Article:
You spared no expenses in taking nice photos or making good drawings. Now you want to proudly place them into your Microsoft Word document. Everything is going smoothly for the first couple of pages. The pictures are inserted beautifully and the texts and captions look perfect!
But then the one thing you were afraid of happens anyway. Traumas from the past pop up again. You break out in a sweat and are at a loss for what to do. You are staring at the screen in despair: How is it possible that the images you had placed so neatly are all scrambled after you have corrected texts and paragraphs?
Anybody who has worked with Microsoft Word will recognise this problem. And just because this is so recognisable, Microsoft must have some kind of solution, right? Yes indeed, there is a solution. Several solutions, even! Nonetheless, something else often needs to happen first, before something actually happens.
Read this blog carefully before you start working on your manual.
File formats in Microsoft Word
Photos and illustrations are created and saved in various file formats. The most common formats are .EPS (Encapsulated Postscript), .AI (Adobe Illustrator) and JPEG (Joint Photographic Experts Group). But MS Word cannot handle all file formats!
To use an illustration, MS Word gives you a choice of eleven different file formats. Not all of them are equally useful in a manual. We, for instance, prefer to use .PNG. A .PNG is compression free, which results in less quality loss than with, for example, a JPEG illustration. Another advantage of PNG files is the transparent background. However, the higher quality and the transparent background cause a PNG file to be larger than a JPEG.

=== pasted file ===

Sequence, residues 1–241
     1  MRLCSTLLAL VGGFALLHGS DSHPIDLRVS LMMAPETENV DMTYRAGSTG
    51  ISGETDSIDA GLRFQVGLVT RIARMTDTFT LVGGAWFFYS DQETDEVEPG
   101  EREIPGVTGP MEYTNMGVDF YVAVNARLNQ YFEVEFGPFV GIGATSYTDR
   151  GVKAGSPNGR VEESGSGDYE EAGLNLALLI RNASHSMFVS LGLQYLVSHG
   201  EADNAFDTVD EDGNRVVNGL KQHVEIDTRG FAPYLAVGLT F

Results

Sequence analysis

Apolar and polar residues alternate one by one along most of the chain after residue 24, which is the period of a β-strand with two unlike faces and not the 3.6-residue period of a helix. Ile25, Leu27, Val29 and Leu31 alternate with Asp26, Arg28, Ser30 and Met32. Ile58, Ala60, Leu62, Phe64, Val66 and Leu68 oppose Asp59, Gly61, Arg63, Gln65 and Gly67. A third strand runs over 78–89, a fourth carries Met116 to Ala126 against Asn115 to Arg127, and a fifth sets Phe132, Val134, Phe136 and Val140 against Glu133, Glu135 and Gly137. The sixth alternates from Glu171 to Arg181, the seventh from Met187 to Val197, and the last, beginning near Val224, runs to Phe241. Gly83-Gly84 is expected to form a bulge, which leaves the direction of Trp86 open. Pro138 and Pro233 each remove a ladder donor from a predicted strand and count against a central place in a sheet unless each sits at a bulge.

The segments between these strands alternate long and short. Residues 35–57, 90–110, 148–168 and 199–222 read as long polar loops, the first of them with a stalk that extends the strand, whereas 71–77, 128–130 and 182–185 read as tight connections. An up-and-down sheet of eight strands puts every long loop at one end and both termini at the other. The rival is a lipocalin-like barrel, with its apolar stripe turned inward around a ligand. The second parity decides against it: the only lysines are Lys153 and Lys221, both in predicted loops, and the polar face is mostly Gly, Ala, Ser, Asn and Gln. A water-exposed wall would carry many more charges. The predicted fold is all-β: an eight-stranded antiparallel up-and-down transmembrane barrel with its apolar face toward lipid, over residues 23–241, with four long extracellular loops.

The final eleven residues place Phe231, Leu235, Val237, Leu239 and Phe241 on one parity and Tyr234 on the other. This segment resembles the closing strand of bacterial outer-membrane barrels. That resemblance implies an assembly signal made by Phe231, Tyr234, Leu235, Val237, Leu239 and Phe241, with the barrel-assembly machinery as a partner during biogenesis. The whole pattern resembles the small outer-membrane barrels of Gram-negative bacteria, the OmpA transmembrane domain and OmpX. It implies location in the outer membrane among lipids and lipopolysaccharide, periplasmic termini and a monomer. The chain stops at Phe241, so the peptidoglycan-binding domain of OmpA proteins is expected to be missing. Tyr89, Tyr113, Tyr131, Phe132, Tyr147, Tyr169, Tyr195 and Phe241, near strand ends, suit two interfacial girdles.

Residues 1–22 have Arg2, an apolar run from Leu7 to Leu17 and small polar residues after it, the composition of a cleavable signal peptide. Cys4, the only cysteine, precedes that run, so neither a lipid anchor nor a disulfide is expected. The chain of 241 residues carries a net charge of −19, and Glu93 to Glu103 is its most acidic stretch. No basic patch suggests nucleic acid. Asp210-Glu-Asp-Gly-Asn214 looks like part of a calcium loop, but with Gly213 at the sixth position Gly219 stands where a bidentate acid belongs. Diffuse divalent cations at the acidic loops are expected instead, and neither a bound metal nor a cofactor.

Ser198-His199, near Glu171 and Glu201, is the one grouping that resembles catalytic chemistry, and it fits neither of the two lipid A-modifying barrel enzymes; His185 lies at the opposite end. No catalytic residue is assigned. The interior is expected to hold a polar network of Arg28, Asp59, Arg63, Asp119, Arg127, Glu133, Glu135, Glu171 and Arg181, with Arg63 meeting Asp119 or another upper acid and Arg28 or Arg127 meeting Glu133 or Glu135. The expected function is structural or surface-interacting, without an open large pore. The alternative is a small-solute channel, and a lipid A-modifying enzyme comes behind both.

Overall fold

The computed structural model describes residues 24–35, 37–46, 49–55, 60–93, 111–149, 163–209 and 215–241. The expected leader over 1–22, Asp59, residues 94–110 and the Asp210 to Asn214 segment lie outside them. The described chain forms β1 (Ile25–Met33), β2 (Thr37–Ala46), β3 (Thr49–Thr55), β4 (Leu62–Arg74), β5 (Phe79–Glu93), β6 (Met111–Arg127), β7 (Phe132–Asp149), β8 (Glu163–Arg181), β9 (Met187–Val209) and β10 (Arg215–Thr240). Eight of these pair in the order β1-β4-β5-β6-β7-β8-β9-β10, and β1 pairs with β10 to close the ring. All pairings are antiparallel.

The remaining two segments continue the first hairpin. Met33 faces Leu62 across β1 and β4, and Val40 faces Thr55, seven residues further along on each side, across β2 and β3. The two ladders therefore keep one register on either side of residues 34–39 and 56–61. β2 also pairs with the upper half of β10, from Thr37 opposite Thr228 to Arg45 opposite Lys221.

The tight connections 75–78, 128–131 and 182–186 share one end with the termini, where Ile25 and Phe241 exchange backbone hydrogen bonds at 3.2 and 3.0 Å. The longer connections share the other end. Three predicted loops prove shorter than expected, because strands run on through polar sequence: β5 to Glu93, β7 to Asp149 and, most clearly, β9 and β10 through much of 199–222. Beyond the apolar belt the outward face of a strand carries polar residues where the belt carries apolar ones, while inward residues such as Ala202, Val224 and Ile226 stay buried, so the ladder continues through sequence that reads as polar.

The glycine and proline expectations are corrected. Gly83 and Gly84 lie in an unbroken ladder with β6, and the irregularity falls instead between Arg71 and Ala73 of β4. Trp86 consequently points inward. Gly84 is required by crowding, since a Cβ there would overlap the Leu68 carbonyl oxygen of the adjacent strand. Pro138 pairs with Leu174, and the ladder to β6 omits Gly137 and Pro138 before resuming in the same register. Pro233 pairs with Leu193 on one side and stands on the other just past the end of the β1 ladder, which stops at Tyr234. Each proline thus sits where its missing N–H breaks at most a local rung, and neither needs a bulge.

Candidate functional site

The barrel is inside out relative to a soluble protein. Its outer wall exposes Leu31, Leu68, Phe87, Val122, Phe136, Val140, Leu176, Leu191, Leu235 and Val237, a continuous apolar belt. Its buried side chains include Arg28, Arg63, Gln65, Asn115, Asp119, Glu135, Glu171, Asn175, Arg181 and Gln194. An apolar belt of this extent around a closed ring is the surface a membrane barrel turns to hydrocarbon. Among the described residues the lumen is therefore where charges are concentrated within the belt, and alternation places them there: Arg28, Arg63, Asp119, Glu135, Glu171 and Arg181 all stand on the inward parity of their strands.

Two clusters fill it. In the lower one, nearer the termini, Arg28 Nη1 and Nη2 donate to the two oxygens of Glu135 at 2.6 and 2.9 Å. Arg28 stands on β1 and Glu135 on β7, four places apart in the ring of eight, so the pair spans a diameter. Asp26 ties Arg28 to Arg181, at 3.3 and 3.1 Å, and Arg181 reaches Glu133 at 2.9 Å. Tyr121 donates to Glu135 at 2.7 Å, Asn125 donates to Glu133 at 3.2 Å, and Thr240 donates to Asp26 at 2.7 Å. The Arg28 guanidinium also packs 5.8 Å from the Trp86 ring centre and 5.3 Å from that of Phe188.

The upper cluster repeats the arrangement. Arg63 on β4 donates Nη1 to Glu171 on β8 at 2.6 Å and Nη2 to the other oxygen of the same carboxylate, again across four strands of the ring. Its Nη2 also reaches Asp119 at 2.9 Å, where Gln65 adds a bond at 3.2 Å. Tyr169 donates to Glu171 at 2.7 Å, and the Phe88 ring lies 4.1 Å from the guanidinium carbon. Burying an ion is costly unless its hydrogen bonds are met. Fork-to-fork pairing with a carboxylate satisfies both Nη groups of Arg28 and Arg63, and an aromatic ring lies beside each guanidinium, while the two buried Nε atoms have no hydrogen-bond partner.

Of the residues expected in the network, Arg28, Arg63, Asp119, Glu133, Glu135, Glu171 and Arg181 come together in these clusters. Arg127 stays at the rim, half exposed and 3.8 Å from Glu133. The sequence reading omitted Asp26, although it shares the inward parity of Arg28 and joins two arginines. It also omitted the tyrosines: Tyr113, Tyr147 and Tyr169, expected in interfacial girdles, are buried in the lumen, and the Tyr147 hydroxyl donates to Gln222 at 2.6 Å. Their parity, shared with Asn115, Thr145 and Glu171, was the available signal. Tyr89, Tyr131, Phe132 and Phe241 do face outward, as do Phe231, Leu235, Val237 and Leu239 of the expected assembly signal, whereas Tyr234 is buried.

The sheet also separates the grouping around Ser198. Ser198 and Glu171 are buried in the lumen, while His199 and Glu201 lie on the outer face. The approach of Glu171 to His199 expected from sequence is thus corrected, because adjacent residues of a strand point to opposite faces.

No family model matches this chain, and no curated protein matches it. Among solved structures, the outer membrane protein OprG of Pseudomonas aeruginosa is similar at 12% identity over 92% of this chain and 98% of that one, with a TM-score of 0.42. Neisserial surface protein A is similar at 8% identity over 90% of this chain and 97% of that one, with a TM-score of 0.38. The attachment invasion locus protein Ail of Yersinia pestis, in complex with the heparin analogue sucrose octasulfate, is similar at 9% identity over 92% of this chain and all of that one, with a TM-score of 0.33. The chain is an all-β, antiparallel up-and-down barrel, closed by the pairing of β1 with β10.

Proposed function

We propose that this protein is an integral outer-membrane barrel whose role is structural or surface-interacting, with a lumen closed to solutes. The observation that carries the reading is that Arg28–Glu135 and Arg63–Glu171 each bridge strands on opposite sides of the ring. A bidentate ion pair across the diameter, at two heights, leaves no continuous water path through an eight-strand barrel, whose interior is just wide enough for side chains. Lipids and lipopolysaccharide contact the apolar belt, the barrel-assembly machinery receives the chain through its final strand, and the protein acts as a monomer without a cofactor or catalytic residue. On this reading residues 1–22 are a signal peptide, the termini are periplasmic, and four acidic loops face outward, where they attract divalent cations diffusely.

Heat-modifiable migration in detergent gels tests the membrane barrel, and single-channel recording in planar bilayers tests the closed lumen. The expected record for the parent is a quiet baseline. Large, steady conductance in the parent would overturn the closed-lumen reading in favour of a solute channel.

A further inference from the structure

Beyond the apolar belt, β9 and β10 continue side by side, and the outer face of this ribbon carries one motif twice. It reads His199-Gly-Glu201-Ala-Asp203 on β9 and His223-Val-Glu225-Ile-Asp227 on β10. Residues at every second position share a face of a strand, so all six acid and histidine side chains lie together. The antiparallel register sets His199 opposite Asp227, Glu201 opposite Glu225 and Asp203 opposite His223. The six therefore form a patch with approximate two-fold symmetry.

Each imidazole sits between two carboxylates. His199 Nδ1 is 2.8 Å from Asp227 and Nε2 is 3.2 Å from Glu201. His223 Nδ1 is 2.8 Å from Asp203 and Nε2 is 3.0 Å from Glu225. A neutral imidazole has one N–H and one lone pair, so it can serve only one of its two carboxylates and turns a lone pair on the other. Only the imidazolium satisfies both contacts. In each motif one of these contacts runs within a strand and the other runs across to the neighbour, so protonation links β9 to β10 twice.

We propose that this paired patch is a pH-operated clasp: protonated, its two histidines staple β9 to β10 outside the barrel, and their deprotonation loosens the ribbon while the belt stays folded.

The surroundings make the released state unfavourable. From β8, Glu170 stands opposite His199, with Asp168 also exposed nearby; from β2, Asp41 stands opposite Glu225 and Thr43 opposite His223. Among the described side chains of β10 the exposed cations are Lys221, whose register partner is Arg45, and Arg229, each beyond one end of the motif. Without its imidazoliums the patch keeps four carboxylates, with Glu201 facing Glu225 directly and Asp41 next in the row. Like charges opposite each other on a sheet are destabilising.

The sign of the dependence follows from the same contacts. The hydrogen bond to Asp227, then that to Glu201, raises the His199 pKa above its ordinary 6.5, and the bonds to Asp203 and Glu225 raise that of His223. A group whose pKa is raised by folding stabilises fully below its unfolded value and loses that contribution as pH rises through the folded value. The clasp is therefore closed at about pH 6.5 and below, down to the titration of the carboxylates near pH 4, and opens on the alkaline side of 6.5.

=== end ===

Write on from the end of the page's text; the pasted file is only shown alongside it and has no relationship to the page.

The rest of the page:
Properties of images
Have you determined which file formats you want to use for your manual? Let’s move on to the properties that MS Word links to an image. If you insert an image, MS Word places it automatically into a text line. As a matter of course, new properties are given to the image. These are the so-called ‘Layout options’. These options determine how an image is placed and how it relates to the text.
MS Word has three general categories:
- In text line: The image behaves as if it were an ordinary punctuation mark and is moved along with the text. The image remains part of the text. You can, for example, press ENTER to move the image to the next line or page.
- With text wrapping: The text wraps around the image, making sure it stays clear of the image.
- Floating: The image appears in front or behind the text. Inserted images initially always appear floating in front of the text.
Every category has its peculiarities. We prefer the category ‘With text wrapping’. Why? Because we love structure. Text should not get in the way of beautiful images. In addition, with this layout option you can group the image with the caption, which is a good property. If something moves, the image and the caption stay and keep having fun together. Pretty useful, right?
Images in tables
For the real enthusiasts there is the possibility of placing images in tables. A table is, after all, a large ‘frame’ with fixed dimensions. That is, if you give the table the right properties. If you work with a table, you can also place texts and ‘arrow’ parts of the image without everything shifting again!
Foxiz Academy provides in Microsoft Word training courses
Does this sound too good to be true and are you now thinking: “I would like to know more about this?” Well, you can!
In our training course Microsoft Word we explain more about a.o. the use of quick sections, tables, images, and the use of styles. In short: we cover a large part of the possibilities of Word that are important for your profession!
Writing well in MS Word remains a profession in its own right.
Curious about the possibilities of Microsoft Word and what the Foxiz Academy could do for you? Get in touch with us!